Changing Health Care Landscape Forces ‘Realignment’ at Kalispell Hospital

Kalispell Regional Healthcare expects to lose more than $6 million this year due to Medicaid cuts; declines to say exactly how many employees have been let go

By Justin Franz
Nurses work in the intermediate care unit at Kalispell Regional Medical Center. Beacon file photo

A number of employees have lost their jobs at Kalispell Regional Healthcare in recent weeks as the hospital undergoes a “realignment” in response to Medicaid cuts and the “uncertainty of the health care landscape.”

Rumors have been circulating in recent days about layoffs at the Kalispell hospital, but Director of Communications and Marketing Mellody Sharpton said the speculation is overstated and that “considerably less than 1 percent of individuals’ employment status has been impacted by this realignment within our internal infrastructure.”

Sharpton declined to say exactly how many employees have left the hospital. KRH employs more than 4,000 people in Northwest Montana. No one involved with direct patient care has been impacted by the cuts.

Employees impacted by the job reductions will be able to apply for other positions within the company when possible, Sharpton said.

“Our HR team has worked with those impacted to support them during this transition,” she added.

Sharpton said it was “possible” that additional staffing cuts were on the horizon.

Earlier this week, the Daily Inter Lake reported that three prominent executives have left the hospital or announced their retirement in recent weeks. Chief Financial Officer Charles Pearce resigned in March; Chief Nursing Officer Karen Lee announced she was retiring; and Dr. Nicholas Costrini left his position as program director of the Digestive Health Institute.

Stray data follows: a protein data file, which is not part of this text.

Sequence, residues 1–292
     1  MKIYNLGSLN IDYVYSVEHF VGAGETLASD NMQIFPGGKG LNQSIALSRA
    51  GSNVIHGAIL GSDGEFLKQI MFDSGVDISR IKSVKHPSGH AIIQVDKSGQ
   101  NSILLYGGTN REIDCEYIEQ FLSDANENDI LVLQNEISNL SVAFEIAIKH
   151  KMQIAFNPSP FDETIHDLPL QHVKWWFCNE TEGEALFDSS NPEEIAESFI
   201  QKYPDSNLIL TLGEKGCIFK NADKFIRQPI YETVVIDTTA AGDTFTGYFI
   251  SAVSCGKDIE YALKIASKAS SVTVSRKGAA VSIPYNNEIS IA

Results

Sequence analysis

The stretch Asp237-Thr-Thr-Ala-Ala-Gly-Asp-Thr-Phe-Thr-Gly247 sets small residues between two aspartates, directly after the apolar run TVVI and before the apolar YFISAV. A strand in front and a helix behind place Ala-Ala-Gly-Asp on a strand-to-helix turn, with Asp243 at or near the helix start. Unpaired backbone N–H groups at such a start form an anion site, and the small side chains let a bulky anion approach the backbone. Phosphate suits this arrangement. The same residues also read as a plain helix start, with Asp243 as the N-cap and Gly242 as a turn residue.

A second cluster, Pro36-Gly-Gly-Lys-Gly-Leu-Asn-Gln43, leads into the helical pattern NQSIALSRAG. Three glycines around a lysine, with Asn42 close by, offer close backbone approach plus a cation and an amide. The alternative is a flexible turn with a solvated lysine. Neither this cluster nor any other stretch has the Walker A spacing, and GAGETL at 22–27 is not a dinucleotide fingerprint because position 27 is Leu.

Sharpton said the recent changes were spurred by uncertainty in the health care landscape, specifically cuts to Medicaid reimbursements from the government. Last year, the state legislature was forced to trim $227 million from the budget, and some of the most drastic cuts were to health care. Sharpton said the hospital expected to lose $6.6 million this year because of the cuts.

“Change is necessary to help us prepare for and weather these challenges,” Sharpton said. “Challenges inspire opportunities to rethink the way we operate, optimize our resources, and redefine efficient processes and procedures. All successful organizations are in a constant state of evolution, adapting to the demands of their market and the changes in their industries.”

KRH has expanded dramatically in recent years in an effort to establish itself as a regional medical center. The hospital is spending $14 million on a remodel that will expand its Emergency Department from 8,000 square feet to 37,000 square feet. It is also opening a $13 million Digestive Health Institute this fall. The most ambitious project is the $40 million Montana Children’s Medical Center, a 190,000-square-foot pediatric center that will be completed by spring 2019. Sharpton said the recent cuts would not impact those ongoing projects.